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Dads, as your kids get older, they will be able to do things you’ve never done yourself (or imagined doing) because they have different skills, gifts or motivations. Be careful not to show too much doubt as they explain what they want their next project to be, especially if the downside of failure is relatively small.
Dads, if you child ever asks, “Dad, can you come here? I want to show you something I did”, say Yes
Dads, it’s okay for you to have a stash of items that your kids can neither touch nor see, as long as two things are true:
1. Your wife has access to the stash, and
2. If your kids know about the stash, they know that their mom has access to it.
Dads, do you want a way to encourage your child to go take a nap? Make a regular habit of playing one round of hide and seek near the child’s bed. Ask if they’d rather hide or seek.
My son Foster initially never wants to take a nap, but then I say, “Do you want me to hide or do you want to?” And then he takes off running while I count to ten.
Dads, never waste any opportunity to have a good conversation with a son or daughter when you find yourself driving somewhere alone with them. Ask them if they have any big questions or ask them a big question.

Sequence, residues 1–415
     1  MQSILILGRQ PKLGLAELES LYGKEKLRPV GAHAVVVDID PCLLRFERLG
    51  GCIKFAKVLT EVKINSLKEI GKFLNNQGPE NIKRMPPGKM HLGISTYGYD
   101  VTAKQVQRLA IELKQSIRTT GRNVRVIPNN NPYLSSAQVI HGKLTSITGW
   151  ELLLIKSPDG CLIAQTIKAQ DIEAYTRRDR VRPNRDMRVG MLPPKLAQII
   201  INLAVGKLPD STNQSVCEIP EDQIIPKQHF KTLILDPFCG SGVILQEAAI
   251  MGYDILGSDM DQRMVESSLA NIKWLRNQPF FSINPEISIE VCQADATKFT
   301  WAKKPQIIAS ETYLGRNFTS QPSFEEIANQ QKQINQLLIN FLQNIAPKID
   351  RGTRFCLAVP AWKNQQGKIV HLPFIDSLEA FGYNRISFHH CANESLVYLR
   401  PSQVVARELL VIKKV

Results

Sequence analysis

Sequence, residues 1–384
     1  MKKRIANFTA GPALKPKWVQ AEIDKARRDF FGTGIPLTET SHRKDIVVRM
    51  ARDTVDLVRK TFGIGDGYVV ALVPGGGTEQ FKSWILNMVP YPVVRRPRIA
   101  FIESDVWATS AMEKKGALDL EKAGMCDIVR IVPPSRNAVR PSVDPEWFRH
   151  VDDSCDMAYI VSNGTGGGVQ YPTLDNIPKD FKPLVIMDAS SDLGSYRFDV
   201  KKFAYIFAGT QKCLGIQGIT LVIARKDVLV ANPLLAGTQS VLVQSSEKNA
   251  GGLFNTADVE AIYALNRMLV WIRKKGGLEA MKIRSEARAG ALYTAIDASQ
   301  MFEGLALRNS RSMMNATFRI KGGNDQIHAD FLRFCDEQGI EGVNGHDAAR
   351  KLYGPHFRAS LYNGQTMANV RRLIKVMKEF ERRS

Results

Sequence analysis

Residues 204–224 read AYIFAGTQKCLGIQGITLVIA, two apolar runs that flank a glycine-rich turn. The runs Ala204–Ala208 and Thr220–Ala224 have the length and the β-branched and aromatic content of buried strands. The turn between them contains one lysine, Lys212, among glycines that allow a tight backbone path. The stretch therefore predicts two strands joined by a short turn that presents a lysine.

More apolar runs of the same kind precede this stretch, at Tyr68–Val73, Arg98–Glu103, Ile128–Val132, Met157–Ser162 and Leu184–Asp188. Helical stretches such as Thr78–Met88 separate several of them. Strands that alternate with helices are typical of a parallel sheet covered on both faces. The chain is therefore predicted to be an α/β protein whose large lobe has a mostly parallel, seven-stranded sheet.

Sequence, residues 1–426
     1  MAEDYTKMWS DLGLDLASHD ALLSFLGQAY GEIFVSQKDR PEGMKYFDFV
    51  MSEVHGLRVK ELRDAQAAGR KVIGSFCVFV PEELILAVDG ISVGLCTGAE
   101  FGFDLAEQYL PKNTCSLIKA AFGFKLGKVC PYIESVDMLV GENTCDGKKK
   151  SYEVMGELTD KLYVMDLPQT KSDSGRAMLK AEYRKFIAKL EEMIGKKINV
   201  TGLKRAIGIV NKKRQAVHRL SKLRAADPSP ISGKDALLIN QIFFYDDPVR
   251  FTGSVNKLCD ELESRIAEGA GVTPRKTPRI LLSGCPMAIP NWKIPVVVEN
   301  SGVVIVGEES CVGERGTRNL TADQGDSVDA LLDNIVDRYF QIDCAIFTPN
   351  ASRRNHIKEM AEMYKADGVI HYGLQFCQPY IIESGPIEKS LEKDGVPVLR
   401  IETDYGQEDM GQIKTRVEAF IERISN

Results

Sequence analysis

Dads, the next time you think, “Wow, my kids are really in a combative/whiny/angry/defensive mood right now”, consider – did you do or say anything that would lead your kids to act like that?
If so, acknowledge to them that you did this, tell them you’re moving away from it towards more Godly behavior, and invite them to join you.
Dads, as your kids learn that there are things that you rightly shouldn’t share with them, there are significantly fewer thing you shouldn’t share with Mom. In other words, your kids should know you have fewer secrets with your wife than with them.
Dads, you know that inspiring anecdote about Suzanne Wesley – how she prayed with her apron over her head and let her ten children know that when they found her like that, she was praying and wasn’t to be disturbed?
If you ever hear a busy mom talking about how difficult it is for her to find time to pray, refrain from using this story to advise her.
That is, unless (a) you’ve spent many days home alone with your kids, and/or (b) you’ve spent many days praying under an apron.
Dads, I’ve stated before that you should never say anything bad about your wife (or in the case of significant marital difficulty – tell it to one other person who you know to be wise).
I now advise you to make sure she knows that this is your rule for yourself.
Betrayal is sometimes an acceptable choice, but it’s almost never wise in a marriage.